Overall, the professionals in this study did not rate the pain of neonates differently when provided with information indicating those infants had mild, moderate or severe risk for neurological impairment. The professionals' perception of the infants' level of risk also did not affect their ratings of the infants' distress, or their belief in how long the infant would take to calm after pain without intervention. Professionals did perceive that cuddling would be significantly less effective for infants at high risk for neurological impairment than for infants with mild or moderate impairment. However, this effect was not large, and, although it was statistically significant, it may be spurious. Further research should examine whether beliefs regarding pain experience in this group and beliefs regarding the effectiveness of cuddling and other nonpharmacological interventions are truly independent. These results are inconsistent with the results of our previous questionnaire study indicating professionals, with similar levels of experience in neonatal intensive care settings, perceive the pain experience of infants as reduced as their level of risk for neurological impairment increases [12
]. There are several possible reasons for these discrepant results.
The professionals who participated in this study were asked to rate the risk for neurological impairment of each infant they viewed on videotape. Asking them to do this may have alerted them to the purpose of the study and elicited efforts on their behalf to provide ratings that were unbiased. However, their ratings of the perceived effectiveness of cuddling did vary by level of risk for impairment, suggesting attempts to appear unbiased do not fully explain the results found.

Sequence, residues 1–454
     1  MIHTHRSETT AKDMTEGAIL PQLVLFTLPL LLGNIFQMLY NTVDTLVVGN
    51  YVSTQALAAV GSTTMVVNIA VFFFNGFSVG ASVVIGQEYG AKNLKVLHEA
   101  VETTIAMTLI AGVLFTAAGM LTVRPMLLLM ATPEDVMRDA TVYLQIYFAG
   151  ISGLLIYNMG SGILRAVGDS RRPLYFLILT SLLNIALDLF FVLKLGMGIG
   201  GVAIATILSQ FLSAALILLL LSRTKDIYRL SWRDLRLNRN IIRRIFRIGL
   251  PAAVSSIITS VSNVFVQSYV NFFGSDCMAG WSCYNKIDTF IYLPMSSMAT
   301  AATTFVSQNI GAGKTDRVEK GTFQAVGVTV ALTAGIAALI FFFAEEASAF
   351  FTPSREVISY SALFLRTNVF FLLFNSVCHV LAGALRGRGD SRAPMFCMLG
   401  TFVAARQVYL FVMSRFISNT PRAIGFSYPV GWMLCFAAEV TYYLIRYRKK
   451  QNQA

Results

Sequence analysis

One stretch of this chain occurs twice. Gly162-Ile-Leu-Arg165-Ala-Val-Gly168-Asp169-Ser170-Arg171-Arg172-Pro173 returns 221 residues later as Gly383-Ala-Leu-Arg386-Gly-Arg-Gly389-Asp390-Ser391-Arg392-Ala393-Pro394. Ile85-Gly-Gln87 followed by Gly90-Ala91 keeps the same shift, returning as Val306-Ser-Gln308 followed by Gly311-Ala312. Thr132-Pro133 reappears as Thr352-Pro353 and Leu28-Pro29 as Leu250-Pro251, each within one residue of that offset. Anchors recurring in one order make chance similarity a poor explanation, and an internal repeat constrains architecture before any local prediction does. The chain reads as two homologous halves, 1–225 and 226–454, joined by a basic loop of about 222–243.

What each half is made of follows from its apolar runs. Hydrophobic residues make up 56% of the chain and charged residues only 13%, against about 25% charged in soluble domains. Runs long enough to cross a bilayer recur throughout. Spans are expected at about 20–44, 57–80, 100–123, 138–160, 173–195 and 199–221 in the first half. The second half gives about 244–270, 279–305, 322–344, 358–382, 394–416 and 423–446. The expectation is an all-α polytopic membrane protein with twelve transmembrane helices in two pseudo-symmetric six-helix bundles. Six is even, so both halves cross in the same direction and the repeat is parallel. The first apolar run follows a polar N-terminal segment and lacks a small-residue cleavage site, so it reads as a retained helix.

In our previous studies, questionnaires elicited beliefs about the pain experience of infants and children with varying levels of risk relative to
the pain experience of those without risk [10
]. In contrast, no infants in the current study were described as having no risk for neurological impairment. This was because the infants' appearance made it apparent that they were not healthy full-term infants. It may be that the comparative nature of the questions in the previous studies made the possibility of differences in pain experience due to neurological risk more salient to participants. Thus, the pain ratings provided here did not differ among levels of risk, but had ratings of healthy infants been included in the task, they may have differed significantly from them.
It is also possible that the beliefs expressed by professionals in our previous study [12
] do not moderate professionals' behaviour in relation to pain assessment for specific infants, as was found here. A discordance between expressed beliefs and behaviour, in regard to pediatric pain management, has been reported elsewhere [20
]. Thus, the professionals here may hold similar beliefs to the professionals in our previous study, but these beliefs did not alter their behaviour when asked to judge pain in a specific infant based on observable behaviour. This interpretation is supported by the current results because no differences were found due to level of risk for ratings that the professionals could base on behaviour they observed on the video clips: pain, distress, time to calm. In contrast, professionals' judgments of the effectiveness of cuddling were influenced by the descriptions of the infants' level of risk for neurological impairment. This may be because there was no visual information to base this rating upon, so professionals used the descriptions of risk provided, presumably in light of their previous experience with these groups in the neonatal setting.